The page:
In very general terms, smart home tech can be divided into two areas: DIY smart home products which can be purchased ‘off-the-shelf’ and installed by the homeowner, and technology which requires professional install.

“DIY products offer a taster and can be a good solution at a basic cost,” says CEDIA Advanced Member Mike Ranpura of Smart Life AV. There are a growing number of products that offer a level of connectivity and options such as voice control.

However, if you are considering including multiple elements of technology – smart lighting, blind control and security, for instance – or a whole-house solution, you ideally need a smart home installer.

They will design in and install technology according to your needs. They will also unify control, providing a single source of control, thus removing the need to open multiple apps or reach for different remotes.

A specialist installer/designer can also be very beneficial at the ideas stage, making suggestions you’d perhaps never considered. They can also help whittle down your wishlist to reflect your priorities and budget.

If you’re going to hire a smart home specialist, it’s a very good idea to do so early on in a renovation or self build project.

CEDIA – the smart home industry body – should be your first port of call when looking for a smart home installer.

Before hiring a specialist, make sure they have had previous experience working on projects similar to your own. It’s also a good idea to see previous examples of their work.

When is the Ideal Time to Plan a Smart Home?

smart home app on mobile phone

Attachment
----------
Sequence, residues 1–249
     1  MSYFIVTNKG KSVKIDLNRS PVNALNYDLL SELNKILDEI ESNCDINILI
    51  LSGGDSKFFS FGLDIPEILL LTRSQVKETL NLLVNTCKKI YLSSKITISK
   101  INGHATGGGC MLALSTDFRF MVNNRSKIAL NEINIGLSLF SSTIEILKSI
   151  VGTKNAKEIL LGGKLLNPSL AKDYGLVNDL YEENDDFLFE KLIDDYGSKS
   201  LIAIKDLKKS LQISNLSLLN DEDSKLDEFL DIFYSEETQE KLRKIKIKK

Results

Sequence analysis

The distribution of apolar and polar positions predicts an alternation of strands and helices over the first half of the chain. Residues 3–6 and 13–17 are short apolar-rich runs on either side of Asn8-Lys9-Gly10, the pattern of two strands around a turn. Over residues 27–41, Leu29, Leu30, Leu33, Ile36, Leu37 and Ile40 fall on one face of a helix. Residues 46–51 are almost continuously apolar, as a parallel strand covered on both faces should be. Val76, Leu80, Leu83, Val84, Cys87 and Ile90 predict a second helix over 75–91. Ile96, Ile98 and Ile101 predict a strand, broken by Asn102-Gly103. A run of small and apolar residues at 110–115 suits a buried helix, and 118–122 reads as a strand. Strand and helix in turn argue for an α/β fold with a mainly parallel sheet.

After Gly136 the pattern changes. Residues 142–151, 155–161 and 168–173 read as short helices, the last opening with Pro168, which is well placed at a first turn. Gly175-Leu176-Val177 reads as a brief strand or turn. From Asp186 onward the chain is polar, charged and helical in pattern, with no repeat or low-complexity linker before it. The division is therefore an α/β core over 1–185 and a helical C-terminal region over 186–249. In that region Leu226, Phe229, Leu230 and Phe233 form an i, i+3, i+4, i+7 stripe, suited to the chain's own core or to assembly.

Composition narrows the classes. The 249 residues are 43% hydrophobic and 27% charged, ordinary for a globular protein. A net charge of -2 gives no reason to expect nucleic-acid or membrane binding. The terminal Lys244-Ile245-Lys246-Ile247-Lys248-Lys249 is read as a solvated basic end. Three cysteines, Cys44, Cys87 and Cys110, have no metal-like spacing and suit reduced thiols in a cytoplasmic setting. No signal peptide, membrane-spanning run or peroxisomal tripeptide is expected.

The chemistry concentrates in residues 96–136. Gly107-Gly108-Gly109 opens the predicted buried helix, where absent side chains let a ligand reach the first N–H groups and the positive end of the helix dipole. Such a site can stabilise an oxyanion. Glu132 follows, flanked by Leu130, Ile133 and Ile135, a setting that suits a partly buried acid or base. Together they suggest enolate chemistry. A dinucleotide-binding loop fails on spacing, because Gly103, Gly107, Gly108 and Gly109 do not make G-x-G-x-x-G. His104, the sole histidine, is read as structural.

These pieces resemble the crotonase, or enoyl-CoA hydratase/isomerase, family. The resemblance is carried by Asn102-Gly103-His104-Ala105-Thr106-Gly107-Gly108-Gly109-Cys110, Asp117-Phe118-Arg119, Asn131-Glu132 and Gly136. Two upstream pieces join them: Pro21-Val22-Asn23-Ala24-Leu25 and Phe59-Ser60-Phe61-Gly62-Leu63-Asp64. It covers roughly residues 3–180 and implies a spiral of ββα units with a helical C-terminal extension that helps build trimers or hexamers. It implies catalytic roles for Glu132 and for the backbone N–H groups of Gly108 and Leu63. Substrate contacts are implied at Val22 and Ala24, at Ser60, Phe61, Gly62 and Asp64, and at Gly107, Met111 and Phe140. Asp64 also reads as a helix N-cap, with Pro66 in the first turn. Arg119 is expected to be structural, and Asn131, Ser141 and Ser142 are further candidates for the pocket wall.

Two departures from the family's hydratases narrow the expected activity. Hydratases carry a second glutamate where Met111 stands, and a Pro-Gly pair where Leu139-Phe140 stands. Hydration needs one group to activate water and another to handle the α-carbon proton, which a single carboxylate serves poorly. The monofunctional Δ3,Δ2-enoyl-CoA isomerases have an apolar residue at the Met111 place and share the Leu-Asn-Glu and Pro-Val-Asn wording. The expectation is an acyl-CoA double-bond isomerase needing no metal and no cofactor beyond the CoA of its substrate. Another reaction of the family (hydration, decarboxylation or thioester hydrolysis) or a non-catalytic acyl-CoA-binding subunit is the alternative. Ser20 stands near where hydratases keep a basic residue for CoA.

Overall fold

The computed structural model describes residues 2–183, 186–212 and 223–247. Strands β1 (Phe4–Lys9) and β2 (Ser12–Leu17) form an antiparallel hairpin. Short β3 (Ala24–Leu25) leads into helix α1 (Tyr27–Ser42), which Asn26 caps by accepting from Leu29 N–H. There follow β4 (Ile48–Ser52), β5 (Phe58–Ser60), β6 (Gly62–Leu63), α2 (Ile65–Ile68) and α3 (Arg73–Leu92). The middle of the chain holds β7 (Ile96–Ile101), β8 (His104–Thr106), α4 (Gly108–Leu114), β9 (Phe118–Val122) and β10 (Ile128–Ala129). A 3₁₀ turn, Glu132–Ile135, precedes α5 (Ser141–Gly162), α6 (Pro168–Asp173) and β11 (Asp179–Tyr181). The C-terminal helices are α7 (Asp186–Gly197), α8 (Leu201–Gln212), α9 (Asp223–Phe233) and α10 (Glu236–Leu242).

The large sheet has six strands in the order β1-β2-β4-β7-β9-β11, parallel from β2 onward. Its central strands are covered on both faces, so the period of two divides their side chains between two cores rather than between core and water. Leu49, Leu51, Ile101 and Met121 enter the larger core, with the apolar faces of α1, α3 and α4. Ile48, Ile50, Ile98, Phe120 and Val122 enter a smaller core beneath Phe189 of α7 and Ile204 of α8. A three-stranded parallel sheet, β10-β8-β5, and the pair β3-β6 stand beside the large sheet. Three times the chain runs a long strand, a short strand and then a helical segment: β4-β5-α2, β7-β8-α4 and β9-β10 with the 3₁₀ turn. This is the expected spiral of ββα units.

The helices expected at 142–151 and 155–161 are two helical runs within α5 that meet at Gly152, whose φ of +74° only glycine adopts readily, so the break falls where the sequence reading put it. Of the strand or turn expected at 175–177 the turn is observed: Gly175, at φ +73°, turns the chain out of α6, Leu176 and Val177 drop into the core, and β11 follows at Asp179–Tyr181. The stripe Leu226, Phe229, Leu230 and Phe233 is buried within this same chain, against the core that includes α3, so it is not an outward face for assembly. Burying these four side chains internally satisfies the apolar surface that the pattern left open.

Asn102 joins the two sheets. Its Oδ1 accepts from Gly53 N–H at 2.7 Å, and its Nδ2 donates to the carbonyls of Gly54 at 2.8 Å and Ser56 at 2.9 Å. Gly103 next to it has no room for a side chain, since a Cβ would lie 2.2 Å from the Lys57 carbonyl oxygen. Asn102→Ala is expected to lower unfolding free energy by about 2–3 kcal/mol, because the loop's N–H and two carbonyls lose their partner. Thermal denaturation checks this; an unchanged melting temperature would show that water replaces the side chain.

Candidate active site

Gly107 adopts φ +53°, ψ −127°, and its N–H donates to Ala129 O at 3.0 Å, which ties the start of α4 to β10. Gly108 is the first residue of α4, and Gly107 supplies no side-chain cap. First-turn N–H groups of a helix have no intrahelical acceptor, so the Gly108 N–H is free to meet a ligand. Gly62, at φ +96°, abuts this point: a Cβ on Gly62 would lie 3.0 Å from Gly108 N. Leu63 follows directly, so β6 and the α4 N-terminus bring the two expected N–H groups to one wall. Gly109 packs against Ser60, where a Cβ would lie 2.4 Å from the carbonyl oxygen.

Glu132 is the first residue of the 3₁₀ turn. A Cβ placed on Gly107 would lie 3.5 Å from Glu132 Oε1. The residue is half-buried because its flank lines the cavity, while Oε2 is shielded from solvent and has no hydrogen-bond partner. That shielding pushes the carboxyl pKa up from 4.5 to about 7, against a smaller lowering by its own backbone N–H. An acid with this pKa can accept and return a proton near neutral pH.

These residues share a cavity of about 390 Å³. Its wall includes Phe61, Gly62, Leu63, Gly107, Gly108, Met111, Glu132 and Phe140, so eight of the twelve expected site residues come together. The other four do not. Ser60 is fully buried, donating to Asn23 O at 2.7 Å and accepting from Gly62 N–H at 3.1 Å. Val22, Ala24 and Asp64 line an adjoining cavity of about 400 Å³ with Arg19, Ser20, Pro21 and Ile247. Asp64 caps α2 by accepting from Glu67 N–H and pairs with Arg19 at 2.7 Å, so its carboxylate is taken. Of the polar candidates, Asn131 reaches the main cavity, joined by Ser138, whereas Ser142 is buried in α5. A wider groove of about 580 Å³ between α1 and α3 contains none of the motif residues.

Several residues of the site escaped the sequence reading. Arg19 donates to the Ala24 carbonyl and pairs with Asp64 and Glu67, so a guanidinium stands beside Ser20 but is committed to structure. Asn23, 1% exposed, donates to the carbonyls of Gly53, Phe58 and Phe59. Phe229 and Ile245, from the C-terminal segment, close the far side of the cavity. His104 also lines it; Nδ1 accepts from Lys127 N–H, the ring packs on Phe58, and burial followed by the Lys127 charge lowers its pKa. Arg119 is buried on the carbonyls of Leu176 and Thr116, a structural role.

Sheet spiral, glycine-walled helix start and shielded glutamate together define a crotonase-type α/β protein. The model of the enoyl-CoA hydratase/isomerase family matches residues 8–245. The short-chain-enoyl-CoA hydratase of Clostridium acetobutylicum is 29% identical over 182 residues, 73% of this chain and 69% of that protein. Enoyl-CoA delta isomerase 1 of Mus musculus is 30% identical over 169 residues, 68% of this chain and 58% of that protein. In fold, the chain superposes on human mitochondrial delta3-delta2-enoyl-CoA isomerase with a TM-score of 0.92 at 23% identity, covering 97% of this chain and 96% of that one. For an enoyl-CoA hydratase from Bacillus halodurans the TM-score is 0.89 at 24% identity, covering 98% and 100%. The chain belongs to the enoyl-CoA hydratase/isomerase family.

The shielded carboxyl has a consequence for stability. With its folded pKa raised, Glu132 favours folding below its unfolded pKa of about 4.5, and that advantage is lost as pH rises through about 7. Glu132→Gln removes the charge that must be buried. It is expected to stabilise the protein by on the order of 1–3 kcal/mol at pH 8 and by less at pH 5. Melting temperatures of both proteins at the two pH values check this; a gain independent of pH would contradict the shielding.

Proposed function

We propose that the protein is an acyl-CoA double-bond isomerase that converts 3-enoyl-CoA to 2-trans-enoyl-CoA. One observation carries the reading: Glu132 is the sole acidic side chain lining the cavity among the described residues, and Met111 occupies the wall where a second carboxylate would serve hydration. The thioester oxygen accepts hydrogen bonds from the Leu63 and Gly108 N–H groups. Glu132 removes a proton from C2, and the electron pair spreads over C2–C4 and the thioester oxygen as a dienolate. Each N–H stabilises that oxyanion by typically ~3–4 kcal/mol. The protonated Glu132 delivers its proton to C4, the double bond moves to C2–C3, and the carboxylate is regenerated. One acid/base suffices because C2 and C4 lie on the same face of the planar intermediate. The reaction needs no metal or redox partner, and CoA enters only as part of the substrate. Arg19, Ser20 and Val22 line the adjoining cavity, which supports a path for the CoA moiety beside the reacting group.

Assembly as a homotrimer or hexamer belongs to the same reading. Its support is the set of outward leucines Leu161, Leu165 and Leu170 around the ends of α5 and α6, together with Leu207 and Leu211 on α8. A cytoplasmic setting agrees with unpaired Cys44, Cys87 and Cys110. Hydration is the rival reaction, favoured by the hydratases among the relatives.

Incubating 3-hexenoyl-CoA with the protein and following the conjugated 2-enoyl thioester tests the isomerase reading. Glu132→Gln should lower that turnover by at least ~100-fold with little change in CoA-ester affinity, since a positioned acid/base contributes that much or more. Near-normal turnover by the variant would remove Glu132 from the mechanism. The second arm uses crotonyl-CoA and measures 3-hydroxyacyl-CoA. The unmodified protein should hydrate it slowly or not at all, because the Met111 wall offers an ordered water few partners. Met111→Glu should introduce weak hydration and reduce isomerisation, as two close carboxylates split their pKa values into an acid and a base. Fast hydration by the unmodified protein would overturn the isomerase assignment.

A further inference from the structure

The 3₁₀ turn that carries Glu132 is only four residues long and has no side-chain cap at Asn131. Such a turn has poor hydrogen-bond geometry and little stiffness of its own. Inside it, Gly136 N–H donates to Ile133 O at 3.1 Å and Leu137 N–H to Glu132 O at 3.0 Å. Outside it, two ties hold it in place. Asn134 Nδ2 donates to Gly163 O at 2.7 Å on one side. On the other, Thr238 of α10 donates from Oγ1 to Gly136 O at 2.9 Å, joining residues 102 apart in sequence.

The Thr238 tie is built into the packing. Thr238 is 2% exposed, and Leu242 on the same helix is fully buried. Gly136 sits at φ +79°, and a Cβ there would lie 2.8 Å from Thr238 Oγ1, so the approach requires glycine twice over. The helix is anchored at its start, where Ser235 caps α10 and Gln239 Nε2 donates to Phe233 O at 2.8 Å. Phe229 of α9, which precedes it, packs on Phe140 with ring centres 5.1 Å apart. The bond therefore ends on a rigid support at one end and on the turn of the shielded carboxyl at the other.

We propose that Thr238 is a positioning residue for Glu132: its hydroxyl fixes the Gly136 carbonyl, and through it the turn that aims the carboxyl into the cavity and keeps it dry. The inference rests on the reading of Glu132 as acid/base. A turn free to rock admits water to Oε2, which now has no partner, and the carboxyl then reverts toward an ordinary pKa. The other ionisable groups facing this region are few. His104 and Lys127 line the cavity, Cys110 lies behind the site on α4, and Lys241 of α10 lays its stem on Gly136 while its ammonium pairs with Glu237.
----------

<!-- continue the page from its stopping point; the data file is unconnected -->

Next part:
There are numerous ways to create a smart home, including both wired and wireless options (Image credit: getty images)

A smart home relies on infrastructure — more specifically, cabling. This may include data cabling for internet provision, speaker cabling for audio and coaxial cable for TV, to name but a few. This cabling needs to be designed in and installed properly to ensure the right cabling is introduced in the right places.

Installation is more cost-effective when working with a blank canvas rather than a finished home. “It’s infinitely more expensive – and often messy – to install a cable when the room is finished,” says smart home specialist Owen Maddock of ConnectedWorks.

Even if you instead plan to include wireless DIY products, ensuring your have reliable WiFi is normally essential and this again can be incorporated within your building plans (see below).

As such, building your own home or renovating a property can offer a more cost-effective opportunity to design a smart home — so long as you plan for it from the outset.

Ensuring Reliable Internet in a Smart Home

Even if you do not want an all-singing, all-dancing smart home, internet provision is key to most of us. Whether we’re working from home, browsing social media on our phones, or streaming the latest box set, high-speed, reliable internet provision is essential.